The work integrates simulation-based engineering science combined with large and full-scale experimental methods for optimising the structural and material performance. Current topics include structural topology optimisation (STO) for material reduction and design for additive manufacturing (DfAM) together with member size optimisation for tall modular buildings.
3D printing has been described as very disruptive and although it rapidly rose to fame in various industries since the beginning of the previous decade, the construction industry is still dominated by old-fashioned construction operations.
With an expected increase in world population to some 8.5 billion people by 2026 and the need for ever-increasing living standards, coupled with the imperative of sustainable and resilient improvements in the built environment, a cost-effective ‘green’ construction sector is in high demand.
The behaviour of a structural system is very much dependent on how its members are connected to each other. The properties of connections are a long-standing problem under investigation and have been scrutinised by many researchers to the point that is difficult to have one solution that fits to all problems.
The aim of this project is to design and test computationally and physically newly optimised 3D printed connections for modular building systems in order to understand their structural behaviours and practicability.
The core objective of the project is to recognise the design limitations of the current modular construction, and thus design innovative connection prototypes in terms of adaptability and flexibility in handling and installation.
Advanced structural topology multi-objective optimisation tools and methodologies are employed to develop such prototyped designs. Some connection components are 3D printed, following examination of their metallic alloys and material mechanical properties. The final products are structurally assessed through static and fatigue laboratory testing simulating normal and extreme loading conditions. Another objective of this study is to develop installation, maintenance and dismantling practices tackling the challenge of modular co-ordination to eliminating risks and fostering reuse.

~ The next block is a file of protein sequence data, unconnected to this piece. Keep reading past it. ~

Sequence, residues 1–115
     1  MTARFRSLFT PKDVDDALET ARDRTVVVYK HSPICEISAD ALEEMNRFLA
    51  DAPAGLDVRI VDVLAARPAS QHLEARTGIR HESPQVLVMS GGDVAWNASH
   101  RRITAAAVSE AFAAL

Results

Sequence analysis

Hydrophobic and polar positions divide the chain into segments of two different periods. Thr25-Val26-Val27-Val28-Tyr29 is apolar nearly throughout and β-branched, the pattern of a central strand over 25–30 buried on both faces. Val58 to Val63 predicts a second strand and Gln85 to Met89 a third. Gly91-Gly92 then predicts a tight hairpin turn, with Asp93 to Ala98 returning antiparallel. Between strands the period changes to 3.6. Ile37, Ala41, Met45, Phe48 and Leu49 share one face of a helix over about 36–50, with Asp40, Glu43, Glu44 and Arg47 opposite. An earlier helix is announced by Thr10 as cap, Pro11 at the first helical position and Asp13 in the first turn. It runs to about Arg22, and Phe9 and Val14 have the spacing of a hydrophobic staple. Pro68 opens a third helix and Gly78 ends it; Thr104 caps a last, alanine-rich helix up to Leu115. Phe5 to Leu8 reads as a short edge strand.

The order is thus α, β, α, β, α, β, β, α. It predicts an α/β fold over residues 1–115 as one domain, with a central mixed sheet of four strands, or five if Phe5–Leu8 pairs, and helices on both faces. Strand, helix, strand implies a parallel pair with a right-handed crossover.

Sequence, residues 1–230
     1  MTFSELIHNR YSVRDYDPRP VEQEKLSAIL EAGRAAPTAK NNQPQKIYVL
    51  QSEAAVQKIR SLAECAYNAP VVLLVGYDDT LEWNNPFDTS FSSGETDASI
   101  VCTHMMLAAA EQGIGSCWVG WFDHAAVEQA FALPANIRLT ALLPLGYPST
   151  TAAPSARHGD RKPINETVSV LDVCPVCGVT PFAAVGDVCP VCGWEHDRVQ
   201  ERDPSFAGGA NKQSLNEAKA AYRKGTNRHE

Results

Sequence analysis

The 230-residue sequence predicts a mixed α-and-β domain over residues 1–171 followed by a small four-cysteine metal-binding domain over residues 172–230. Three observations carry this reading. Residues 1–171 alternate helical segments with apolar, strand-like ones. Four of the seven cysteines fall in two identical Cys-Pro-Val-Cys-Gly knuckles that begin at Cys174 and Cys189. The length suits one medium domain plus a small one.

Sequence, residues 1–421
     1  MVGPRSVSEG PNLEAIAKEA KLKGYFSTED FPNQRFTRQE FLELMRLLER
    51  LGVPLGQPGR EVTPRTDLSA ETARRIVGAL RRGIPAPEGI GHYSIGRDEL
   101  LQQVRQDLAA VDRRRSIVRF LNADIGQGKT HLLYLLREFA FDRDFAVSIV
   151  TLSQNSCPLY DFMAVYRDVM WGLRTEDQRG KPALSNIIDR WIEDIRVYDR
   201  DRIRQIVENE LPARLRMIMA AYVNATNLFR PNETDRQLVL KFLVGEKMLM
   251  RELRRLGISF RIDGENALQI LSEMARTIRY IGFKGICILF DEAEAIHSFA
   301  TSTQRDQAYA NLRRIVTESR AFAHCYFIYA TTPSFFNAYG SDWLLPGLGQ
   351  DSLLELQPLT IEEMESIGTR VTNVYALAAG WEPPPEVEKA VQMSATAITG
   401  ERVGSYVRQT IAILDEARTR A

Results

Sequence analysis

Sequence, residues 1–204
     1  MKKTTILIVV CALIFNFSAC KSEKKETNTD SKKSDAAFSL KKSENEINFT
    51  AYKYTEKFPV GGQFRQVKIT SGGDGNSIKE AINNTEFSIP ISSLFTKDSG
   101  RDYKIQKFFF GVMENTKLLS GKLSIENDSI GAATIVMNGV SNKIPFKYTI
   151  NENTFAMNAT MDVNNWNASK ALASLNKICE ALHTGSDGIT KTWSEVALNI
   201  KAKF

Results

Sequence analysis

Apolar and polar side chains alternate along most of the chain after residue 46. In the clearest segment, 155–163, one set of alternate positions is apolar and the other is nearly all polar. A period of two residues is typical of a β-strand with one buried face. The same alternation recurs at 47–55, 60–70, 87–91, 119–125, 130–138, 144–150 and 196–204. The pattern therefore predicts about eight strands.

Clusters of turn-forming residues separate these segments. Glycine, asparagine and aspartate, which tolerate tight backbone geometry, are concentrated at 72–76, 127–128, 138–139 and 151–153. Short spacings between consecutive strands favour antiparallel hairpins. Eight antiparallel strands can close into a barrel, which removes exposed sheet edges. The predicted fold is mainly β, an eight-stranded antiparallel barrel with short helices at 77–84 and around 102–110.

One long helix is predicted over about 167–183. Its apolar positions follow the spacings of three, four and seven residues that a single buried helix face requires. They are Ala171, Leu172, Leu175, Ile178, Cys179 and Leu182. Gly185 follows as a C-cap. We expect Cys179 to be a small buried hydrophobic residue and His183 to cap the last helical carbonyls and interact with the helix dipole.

How can we improve time and efficiency of the delivery of construction projects through innovative connection and member design?
How can we best use advanced emerging technologies (e.g., BIM, RFID-tags, integrated sensors, to name a few) to add value in the design and manufacturing of such connections?
The benefits of additive manufacturing are widely discussed but transforming it into a successful industrial or end-user product is a challenge to all disciplines along the product development process.
Designers and engineers need strategies to identify the right components, tools, and methods for an efficient design process for using the freedom of design to create benefits for users as well as for the manufacturer. Production engineers have to assess Manufacturing Readiness Levels, implement AM machines into the existing production chain, ensure an efficient operation and establish quality assurance and control mechanisms. Examples for AM-specific topics on the economic side make-or-buy-decisions, supply chain organisation, new business models and converting Unique Selling Propositions will be investigated.